Who is Nefertiti, Queen of Egypt?
Queen Nefertiti was one of ancient Egypt’s most famous, beautiful, and powerful queens; her name means “Beautiful Woman has Arrived.” She was one of the queens of the 18th dynasty and held many titles during her life, including the lady of grace, great of praises, mistress of upper and lower Egypt, the lady of the two lands, main king’s wife, and Akhenaten’s beloved.
When did Queen Nefertiti ascend to Egypt’s throne?
Queen Nefertiti began her legacy as the wife of Pharaoh Akhenaten (1353-1336 BC), who ascended to the throne of Egypt after his father, Amenhotep III, died when she was only 15 years old. She ruled alongside her husband, who was also around her age, and some believe she was from a foreign country, possibly Syria, while others believe she was the daughter of a high official named Ay.
What Happened to Queen Nefertiti’s Husband?
When her husband attempted to convert Egypt’s polytheistic religious tradition to a monotheistic system, Queen Nefertiti stood by his side. He changed Amun’s worship to Aton “The Sun Disk,” and she changed her name to Neferneferuaten, which means “Beautiful of Aton,” and moved with him to his new capital in El-Amarna, Akhenaton. She ruled Egypt alongside her husband, and she is depicted on the throne, wearing the crown, in numerous wall paintings, decorations, and artifacts. From Akhenaten, she had six daughters, the most famous of whom was Ankhesenpaaten, who married her half-brother Tutankhamen.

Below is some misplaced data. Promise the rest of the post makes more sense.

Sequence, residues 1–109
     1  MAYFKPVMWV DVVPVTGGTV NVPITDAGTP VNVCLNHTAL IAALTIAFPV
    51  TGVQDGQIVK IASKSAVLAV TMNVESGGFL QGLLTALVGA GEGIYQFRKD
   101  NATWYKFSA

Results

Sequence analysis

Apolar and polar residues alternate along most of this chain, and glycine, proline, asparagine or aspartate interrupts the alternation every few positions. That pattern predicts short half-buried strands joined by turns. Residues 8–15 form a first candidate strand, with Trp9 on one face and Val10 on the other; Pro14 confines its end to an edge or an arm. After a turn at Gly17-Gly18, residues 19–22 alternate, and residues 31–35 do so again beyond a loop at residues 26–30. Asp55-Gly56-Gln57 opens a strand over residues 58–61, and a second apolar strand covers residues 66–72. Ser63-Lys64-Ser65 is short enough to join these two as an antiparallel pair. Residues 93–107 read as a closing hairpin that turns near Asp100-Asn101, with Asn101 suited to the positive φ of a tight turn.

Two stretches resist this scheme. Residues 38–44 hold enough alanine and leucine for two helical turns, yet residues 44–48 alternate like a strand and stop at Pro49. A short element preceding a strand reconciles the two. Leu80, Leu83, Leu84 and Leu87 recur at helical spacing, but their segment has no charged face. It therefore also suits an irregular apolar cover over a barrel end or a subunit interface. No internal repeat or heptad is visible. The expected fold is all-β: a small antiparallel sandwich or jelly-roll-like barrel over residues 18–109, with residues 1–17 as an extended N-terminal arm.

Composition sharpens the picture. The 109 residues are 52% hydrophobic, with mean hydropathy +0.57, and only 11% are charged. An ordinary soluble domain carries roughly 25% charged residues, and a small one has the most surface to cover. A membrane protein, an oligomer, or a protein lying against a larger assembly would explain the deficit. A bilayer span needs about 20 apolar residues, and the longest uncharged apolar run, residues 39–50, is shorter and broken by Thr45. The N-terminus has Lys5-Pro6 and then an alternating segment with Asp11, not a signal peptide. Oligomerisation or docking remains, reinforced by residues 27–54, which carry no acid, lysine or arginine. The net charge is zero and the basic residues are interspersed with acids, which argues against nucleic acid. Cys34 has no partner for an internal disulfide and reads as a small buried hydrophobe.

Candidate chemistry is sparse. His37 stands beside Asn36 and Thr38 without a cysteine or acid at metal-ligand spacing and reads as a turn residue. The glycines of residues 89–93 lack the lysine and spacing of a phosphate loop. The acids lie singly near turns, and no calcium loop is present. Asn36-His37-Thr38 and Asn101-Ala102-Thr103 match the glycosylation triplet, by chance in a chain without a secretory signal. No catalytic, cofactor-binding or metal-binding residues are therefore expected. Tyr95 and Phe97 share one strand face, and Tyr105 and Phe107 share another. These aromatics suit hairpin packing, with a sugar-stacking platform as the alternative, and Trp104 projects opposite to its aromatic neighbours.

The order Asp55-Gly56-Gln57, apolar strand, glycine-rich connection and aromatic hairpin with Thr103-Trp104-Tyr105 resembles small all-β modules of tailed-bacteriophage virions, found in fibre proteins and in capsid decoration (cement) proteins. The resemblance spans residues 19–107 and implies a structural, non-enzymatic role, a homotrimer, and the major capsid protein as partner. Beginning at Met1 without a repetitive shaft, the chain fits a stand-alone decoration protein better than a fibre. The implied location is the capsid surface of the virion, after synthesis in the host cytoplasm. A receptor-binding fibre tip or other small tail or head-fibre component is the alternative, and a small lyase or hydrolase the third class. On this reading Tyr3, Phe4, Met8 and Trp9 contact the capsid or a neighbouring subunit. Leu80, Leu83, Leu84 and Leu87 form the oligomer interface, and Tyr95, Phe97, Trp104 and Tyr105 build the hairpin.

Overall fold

The Last Days of Her Life
After the twelfth year of Akhenaten’s rule, Queen Nefertiti vanished from power, and her daughter Merritt Aton ascended to the Egyptian throne. Her death was also the subject of much debate, and the details of her death have all but vanished from historical records. The location of Nefertari’s tomb is a complete mystery because the Valley of the Kings contains two mummies known as “The Elder Lady” and “The Younger Lady,” one of which is thought to be her true body, but no one knows which one.
Queen Nefertiti’s Well-Known Bust
The painted stucco-coated limestone carving of Nefertiti’s lovely face is known as the Nefertiti Bust. This item was created by the great sculptor Thutmose around 1345 B.C., and it was discovered in his studio in the city of Aten Amarna in 1912 by a German archaeologist named Ludwig Borchardt, and it currently sits in the Berlin Museum. It is significant and well-known for its stunning beauty, as well as for demonstrating the ancient Egyptians’ mastery of realistic face proportions and creative expression and methods.
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